Let me start out by saying that this is hands-down my favorite historical mystery series. Kerr gives us a look at Nazi Germany, its power, its weaknesses and finally its destruction from the eyes of Bernie as he navigates the hell he has been thrown into. This series is a gem. If you haven’t yet read the 11 books in the series, you are one lucky reader!

The Other Side of Silence is set in the French Riviera in 1956, and Bernie is still alive – no small feat. Usually Kerr writes about Nazi Germany, but this time the story is really about Great Britain and East Germany and what came to be called “The Cambridge Five,” English spies who worked for the Soviets.

As Kerr likes to place real people in his stories, we meet Somerset Maugham this time. Maugham pulls poor Bernie (who is finally at peace working as the concierge at a local deluxe hotel) into clandestine activities he wants no part of. But alas, Bernie has never been one to shirk the action. I love Bernie’s voice as usual, battered by history and hopeful by nature.

This Cold War espionage novel dwells on vengeance and revenge (as Bernie explains, there is a critical difference). The novel has quite the nod to John LeCarre’s The Spy Who Came in from the Cold in plot development, and without giving too much away, let’s just say you have to be on your best game to stay equal to Kerr’s quick developing action in the second half of the book. Like LeCarre’s Spy, The Other Side of Silence, starts off slow and builds to a denouement that thrills.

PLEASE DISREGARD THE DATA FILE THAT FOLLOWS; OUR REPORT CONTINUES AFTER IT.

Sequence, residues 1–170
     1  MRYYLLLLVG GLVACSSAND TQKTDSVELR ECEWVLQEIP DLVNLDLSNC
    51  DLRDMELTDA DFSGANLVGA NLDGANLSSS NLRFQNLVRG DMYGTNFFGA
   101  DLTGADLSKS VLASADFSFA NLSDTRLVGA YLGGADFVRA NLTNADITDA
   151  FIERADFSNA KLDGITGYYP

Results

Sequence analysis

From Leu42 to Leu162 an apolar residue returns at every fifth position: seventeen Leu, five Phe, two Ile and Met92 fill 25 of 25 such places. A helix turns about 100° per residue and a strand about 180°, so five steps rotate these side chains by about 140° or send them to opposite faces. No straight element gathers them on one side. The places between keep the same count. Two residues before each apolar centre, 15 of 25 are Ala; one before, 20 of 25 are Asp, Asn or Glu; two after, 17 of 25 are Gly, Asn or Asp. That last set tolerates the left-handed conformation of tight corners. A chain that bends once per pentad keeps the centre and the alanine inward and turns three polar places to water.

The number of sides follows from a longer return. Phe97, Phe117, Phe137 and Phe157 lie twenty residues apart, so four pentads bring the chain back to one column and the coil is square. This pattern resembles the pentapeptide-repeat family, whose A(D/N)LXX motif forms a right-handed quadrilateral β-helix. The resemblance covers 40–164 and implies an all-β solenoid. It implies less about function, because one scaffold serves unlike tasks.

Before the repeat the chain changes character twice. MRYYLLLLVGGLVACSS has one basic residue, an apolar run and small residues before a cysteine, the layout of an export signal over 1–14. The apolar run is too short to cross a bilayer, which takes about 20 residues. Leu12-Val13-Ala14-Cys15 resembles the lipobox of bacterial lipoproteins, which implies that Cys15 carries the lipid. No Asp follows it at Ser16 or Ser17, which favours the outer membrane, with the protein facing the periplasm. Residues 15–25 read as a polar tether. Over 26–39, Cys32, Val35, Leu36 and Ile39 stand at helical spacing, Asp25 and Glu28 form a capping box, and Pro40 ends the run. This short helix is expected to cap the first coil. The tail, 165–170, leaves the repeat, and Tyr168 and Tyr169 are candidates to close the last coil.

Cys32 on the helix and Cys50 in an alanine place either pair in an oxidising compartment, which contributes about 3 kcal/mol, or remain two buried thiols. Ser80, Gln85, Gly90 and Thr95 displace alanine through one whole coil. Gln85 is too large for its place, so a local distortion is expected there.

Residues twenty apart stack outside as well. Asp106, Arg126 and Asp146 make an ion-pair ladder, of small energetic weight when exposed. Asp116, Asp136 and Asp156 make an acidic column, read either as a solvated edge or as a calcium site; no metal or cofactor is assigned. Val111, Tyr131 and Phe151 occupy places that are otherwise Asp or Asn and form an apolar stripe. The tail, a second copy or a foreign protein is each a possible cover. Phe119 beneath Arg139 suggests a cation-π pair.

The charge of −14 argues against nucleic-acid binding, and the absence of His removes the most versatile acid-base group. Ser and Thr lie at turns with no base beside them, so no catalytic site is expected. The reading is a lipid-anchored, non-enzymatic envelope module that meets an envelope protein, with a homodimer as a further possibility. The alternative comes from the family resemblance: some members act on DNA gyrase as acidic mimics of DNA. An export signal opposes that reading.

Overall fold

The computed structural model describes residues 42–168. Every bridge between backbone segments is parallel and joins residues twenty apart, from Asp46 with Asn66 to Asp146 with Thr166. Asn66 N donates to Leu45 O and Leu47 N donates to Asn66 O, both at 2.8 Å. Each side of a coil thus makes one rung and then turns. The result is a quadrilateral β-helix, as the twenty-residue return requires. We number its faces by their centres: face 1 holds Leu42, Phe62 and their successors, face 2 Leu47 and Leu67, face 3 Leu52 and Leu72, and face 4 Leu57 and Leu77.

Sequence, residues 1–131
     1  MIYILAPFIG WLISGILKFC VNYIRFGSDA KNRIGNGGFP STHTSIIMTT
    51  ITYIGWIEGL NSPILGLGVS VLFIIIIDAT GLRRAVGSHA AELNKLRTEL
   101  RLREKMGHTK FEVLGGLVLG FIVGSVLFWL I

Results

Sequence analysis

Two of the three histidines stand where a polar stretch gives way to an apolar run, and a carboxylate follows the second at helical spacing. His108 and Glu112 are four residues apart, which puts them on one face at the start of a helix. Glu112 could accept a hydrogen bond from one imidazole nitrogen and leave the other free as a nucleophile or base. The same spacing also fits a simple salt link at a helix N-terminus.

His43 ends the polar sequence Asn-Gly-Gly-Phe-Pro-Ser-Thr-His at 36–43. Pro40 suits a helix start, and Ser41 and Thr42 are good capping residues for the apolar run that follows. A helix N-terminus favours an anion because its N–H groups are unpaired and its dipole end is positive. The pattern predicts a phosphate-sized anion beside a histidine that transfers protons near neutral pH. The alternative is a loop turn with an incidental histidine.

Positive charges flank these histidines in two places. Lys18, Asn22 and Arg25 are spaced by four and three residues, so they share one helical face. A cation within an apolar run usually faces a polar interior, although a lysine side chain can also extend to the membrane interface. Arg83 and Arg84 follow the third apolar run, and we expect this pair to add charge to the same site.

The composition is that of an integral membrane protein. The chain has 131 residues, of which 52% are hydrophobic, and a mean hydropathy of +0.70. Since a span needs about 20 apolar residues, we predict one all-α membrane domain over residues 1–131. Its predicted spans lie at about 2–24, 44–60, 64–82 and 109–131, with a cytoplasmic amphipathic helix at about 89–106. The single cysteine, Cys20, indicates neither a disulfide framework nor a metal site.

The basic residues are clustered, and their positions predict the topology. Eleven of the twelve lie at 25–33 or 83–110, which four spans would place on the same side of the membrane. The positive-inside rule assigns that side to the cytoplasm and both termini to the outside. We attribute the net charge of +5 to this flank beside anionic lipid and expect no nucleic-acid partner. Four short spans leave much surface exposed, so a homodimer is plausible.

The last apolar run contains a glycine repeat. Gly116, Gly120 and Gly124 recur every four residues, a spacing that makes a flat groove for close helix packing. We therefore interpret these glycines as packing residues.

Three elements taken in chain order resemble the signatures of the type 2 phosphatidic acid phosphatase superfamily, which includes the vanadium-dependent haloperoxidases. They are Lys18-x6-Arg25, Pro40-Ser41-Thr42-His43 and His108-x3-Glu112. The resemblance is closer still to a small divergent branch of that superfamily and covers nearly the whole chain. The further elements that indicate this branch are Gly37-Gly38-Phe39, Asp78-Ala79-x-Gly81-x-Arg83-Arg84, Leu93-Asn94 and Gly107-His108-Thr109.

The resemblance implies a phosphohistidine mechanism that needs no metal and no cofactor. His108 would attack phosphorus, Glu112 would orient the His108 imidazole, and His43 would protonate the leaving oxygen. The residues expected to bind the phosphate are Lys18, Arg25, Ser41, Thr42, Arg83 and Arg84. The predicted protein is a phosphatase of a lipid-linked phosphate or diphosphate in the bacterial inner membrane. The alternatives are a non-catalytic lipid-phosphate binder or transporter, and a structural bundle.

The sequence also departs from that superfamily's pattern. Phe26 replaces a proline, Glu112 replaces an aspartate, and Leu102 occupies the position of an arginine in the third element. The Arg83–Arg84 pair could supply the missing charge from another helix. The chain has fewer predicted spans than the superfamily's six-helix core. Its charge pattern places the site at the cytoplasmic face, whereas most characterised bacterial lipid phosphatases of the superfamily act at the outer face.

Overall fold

51PU4oLabYL._SX324_BO1,204,203,200_One can read the Bernie Gunther series in any order after the first three – March Violets, The Pale Criminal and A German Requiem (published as an omnibus edition, Berlin Noir in 1992), because Kerr jumps around in history with Bernie mostly in Germany or Europe, but in other novels he does wash up in Havana and Buenos Aires as well.

Bernie will return in 2017 with the 12th book, Prussian Blue; and I cannot wait. My rating 5 of 5.

Night Life by David Taylor

New York City, 1954 – this is where David Taylor takes us in his first novel, Night Life. A Noir mystery that gives us great plot that balances well with character and setting. We get some really fun reality-based characters such as Roy Cohn and even a bit part from J. Edgar Hoover because this is the Commie-witch hunt 1950’s. Part spy novel, part mystery, part historical fiction, this is a first class mystery.

Seldom do I find a book that captures me like this novel did. Our cop hero, Michael Cassidy, is the son of a Russian immigrant who now is a famous Broadway producer. He is a heavy drinking, not much talking detective who is a throwback to the Noir PIs of old, except that in Night Life the beautiful women aren’t bimbos but rather intelligent characters who help move the story along.